1. Azizeh Jun 23, 2009 07:34 PM

                  On Food Network, just about all of the hosts use their Le Creuset for deep frying. Since Le Creuset has a deal of some kind with Food Network (I believe they pay to have their products used) I would think they wouldn't do it if it was frowned upon.

                  I happen to have my L.C. booklet here from my most recent purchase. The only thing I can see that mentions frying is "medium and low heats will provide the best results for the majority of cooking, including frying and searing." Then it goes on to say to let the the pan heat gradually. I can't find anything saying not to fry or that some ingredients are too hot for the pan.

                  The only thing reasonably close to this I can find is "High heats should only be used for boiling water, or for reducing the consistency of stocks and stews. High heats should never be used to pre-heat a pan before lowering the heat for cooking. Cast iron retains heat so well that if a pan is overheated in this way it will contribute to poor results, sticking and discolouration of cooking surfaces. Non-stick surfaces are permanently damaged by this misuse."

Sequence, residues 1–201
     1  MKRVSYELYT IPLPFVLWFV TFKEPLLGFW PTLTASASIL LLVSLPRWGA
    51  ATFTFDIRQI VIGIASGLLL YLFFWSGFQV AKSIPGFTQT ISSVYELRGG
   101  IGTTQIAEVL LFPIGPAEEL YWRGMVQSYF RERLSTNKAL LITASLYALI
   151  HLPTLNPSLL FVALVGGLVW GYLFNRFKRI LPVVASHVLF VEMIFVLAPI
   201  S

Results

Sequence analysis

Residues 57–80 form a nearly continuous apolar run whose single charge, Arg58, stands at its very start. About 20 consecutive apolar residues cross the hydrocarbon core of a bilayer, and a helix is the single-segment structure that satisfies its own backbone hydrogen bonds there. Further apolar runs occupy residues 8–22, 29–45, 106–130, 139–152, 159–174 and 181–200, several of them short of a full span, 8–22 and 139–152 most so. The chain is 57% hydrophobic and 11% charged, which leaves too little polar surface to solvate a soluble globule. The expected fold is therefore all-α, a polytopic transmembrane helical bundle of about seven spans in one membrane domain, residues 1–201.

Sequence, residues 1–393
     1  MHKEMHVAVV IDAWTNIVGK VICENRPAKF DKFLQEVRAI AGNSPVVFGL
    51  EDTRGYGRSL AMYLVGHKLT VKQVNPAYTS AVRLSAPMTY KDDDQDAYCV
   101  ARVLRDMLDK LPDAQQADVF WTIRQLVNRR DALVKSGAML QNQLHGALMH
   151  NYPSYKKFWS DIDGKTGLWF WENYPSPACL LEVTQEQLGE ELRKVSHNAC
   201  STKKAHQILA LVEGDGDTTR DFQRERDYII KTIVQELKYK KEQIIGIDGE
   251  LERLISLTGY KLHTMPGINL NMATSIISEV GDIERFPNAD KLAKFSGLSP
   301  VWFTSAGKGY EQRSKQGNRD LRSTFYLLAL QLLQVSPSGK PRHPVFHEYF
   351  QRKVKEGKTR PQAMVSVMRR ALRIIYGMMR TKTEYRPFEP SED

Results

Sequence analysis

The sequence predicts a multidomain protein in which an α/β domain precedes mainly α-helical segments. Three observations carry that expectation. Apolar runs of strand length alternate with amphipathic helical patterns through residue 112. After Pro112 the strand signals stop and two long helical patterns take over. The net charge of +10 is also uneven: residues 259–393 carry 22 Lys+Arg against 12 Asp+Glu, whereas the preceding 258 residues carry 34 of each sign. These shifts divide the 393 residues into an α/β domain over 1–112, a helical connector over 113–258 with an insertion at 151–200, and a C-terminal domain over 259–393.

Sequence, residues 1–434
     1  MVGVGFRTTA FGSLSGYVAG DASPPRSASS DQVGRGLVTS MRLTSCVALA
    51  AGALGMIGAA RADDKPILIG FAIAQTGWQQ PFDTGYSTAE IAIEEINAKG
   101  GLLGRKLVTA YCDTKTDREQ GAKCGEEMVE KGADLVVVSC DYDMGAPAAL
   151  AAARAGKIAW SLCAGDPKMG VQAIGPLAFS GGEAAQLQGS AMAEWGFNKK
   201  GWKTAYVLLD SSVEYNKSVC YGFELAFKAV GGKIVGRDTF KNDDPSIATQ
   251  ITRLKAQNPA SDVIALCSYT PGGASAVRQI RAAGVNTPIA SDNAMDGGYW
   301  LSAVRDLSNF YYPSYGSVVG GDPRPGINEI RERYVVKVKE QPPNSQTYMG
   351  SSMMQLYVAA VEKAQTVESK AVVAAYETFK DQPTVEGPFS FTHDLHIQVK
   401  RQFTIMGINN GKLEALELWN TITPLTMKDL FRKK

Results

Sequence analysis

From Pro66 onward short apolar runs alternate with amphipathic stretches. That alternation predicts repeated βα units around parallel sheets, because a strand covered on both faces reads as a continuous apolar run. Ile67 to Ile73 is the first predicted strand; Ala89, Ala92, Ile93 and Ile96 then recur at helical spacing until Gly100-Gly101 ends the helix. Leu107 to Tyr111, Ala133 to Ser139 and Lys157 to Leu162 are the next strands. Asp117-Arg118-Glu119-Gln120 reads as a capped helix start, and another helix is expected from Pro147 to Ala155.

1 Reply
                  1. re: Azizeh
                    Soop Jun 24, 2009 04:30 AM

                    I always pre-heat my LC frying pan with nothing in it. I can't do it any other way for bacon/steaks etc.

                  2. r
                    RGC1982 Jun 23, 2009 07:11 PM

                    I make oil based roux in my assorted LC and Staub all the time. Never had a problem.

                    1. k
                      knet Jun 23, 2009 06:14 PM

                      Not sure what the wiki was but is this actually a quote from LC? Because these are used constantly for stews, searing meat, roasting etc - in short, people use them with oil more often than not so I can't imagine any reason that gumbo ( or the roux used) would be any different. I checked the Canadian LC website and there is no such warning posted so I think the wiki was probably misleading or misquoting in some way.

                      1. p
                        pothead Jun 23, 2009 04:19 PM

                        I make roux in enameled cast iron all the time and I've never had a problem.